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Under Georgia law, landlords must disclose specific information to tenants (usually in the lease or rental agreement), such as the identity of anyone authorized to act on the landlord’s behalf and a list of preexisting damage to the rental (if the landlord will be collecting a security deposit).
Georgia Landlord -Tenant Handbook |3 Relevant Law Basic Tenant Rights. Federal and state legislatures create laws that affect landlord-tenant relationships. Local counties and cities may also enact housing codes that affect rental property. Below is a list of relevant laws in Georgia. Georgia Landlord-Tenant Act.
Georgia’s statewide Code has clauses in place which specifically target landlords and tenants in the state. These rules are meant to help both parties understand the basics of the landlord-tenant relationship, as well as what is legally expected of them.
This article summarizes some key Georgia Landlord-Tenant laws applicable to residential rental units. We’ve used the Official State Statutes and other online sources cited below to research this information, and it should be a good starting point in learning about the law.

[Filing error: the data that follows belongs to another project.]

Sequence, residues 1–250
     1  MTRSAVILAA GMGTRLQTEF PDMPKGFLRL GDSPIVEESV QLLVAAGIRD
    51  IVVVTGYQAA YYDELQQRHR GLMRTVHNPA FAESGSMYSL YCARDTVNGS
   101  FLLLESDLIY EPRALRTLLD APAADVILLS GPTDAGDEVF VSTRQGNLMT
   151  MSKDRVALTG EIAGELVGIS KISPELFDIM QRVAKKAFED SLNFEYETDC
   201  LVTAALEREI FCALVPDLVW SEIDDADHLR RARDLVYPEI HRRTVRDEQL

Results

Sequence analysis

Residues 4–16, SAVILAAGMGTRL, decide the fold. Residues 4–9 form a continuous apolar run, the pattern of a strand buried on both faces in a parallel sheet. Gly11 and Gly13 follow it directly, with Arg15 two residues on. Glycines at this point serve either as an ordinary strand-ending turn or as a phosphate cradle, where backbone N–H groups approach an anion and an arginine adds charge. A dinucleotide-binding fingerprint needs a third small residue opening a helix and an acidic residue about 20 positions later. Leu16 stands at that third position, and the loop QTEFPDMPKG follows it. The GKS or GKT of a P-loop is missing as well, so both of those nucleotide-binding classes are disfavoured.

The landlord is required to give the tenant a written notice of where the deposit is located under Georgia landlord tenant law, but the landlord doesn’t have to give the account number. Such information is important when a tenant disputes the withholding of a deposit.
Know your responsibilities as a tenant. Read your lease agreement carefully! Landlord-Tenant Issues and Handbook: Assistance for Renters and Landlords. Georgia Landlord/Tenant Handbook - questions frequently asked by tenants and landlords by the State of Georgia Department of Community Affairs; Landlord/Tenant information
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Georgia landlord-tenant law does not require a grace period; as a result, late fees can be charged the day after rent is due. However, late fees are enforceable only if: The fee is a reasonable estimate of the additional costs associated with the late payment of rent.
Laws About Rent. Increases. Georgia law does not limit the amount by which the rent can increase. (Handbook, p. 43)60-day notice required from the landlord to increase rent on an at-will tenant (one without an official lease).
The Landlord-Tenant Handbook is designed to provide an overview and answer common questions about Georgia residential landlord-tenant law. While this publication can be helpful to both landlords and tenants, it should not be a substitute for professional legal advice.